1. My daughter was 15 and wanted to read 50 Shades. Of course I didn’t WANT her to read it, but I have a “rule” about books, which is that I will NEVER tell my kids no to a book. What I did instead was made it difficult for her to get her hands on. I said, “I’m not telling you that you can’t read it. I am saying, however, that the content is inappropriate. So it’s fine for you to read it, but you can’t read my copy. If you want to read it badly enough, then you’ll need to buy your own or get a copy from the library.” The library list had more than 300 people on the waiting list, and she was too cheap to buy a book. She didn’t finally get her hands on a copy until she was 19. 🙂


      1. Ah, at 11 and 4 my kids have a way to go yet before they’re interested in 50 shades … But I imagine they’ll be desperate to read it when they’re 15! I know I would have been!

        Liked by 1 person

      2. Yup! And I probably would’ve just sneaked it to read it, so I have to give my daughter credit for asking. Though, to be honest, I don’t know WHY I ever sneaked tor read anything…my parents NEVER put reading material off-limits. Maybe just knowing the content of the book and not wanting my mom to know what I was reading… LOL


      3. Ha! I remember my parents wouldn’t let me watch the Blue Lagoon, God knows what they’d have thought of 50 shades!!

        Liked by 1 person

      4. Hahahah! Hilarious! Viewing material was always different in my home than books. Books were never off-limits, but I can’t count how many times television programs and movies were. LOL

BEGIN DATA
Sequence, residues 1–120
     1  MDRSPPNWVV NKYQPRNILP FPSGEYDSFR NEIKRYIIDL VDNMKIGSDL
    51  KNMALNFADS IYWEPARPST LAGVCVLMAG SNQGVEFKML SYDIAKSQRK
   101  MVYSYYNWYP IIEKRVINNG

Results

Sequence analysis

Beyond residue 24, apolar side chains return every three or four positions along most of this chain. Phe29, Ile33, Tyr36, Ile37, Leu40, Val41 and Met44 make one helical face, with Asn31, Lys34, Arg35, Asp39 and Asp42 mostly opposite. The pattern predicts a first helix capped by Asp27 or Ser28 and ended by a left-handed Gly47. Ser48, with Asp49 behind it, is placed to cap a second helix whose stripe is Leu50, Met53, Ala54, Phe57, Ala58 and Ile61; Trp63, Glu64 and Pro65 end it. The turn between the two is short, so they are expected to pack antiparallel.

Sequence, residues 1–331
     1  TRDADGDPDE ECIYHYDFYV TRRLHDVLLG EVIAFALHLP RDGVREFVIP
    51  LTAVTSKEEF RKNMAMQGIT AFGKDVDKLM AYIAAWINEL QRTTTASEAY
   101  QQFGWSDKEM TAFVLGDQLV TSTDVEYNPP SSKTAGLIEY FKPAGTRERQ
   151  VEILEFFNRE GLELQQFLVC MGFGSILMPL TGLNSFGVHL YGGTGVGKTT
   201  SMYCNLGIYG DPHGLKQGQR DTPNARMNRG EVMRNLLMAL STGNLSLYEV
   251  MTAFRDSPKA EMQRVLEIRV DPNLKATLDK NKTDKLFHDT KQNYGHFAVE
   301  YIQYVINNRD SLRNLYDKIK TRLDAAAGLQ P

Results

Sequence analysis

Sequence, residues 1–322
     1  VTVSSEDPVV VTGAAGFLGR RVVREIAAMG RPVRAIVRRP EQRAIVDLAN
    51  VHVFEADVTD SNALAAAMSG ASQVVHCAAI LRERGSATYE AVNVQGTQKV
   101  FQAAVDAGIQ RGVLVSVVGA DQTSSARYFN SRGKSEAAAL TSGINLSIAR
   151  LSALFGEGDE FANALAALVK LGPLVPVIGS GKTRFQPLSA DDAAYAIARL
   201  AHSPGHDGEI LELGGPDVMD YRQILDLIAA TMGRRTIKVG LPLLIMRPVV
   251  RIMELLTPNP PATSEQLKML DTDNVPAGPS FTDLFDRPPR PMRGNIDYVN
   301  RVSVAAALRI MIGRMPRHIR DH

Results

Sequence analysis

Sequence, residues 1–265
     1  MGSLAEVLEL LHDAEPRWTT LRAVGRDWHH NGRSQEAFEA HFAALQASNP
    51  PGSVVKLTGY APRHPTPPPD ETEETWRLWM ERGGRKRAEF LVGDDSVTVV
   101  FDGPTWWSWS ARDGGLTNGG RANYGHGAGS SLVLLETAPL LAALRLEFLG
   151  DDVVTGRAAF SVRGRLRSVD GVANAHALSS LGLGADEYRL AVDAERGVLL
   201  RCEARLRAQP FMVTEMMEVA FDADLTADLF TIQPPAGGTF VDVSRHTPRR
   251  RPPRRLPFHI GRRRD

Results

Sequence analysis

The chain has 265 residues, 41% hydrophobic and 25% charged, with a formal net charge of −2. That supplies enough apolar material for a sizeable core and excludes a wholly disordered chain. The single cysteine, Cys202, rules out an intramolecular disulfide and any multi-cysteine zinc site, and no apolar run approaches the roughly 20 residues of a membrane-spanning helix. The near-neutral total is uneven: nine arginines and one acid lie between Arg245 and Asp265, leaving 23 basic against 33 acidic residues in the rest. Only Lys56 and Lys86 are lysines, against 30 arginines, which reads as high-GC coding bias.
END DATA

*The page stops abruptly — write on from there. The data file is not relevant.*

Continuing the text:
Liked by 1 person

  2. Couldn’t agree more. As a parent, it’s up to me to decide what my children can or cannot read. Right now my eldest son is reading Harry Potter (he’s on book 2). I’m the biggest, well only, bookworm in the family but I’m glad to say my sons are following in my footsteps. There’s a chock-full of banned books on my shelf waiting to be read by them. I’ve read and re-read them more times than I can count. And it always surprises me to learn that they’ve been banned/challenged. And for reasons I never saw or agreed with. Here’s to mine and my children’s freedom to read!

    Liked by 1 person

    1. Here’s to Banned Books and reading controversial books! On my list this week is THE ABSOLUTELY TRUE STORY OF A PART-TIME INDIAN. 🙂

      Liked by 1 person

  3. I honestly couldn’t agree more. I want to parent my child the way I want to parent my child. I will determine what they can and can’t read.

    Liked by 1 person

    1. EXACTLY!!! That’s the beauty of parenting – we don’t all have to agree, and that doesn’t make any of us technically wrong!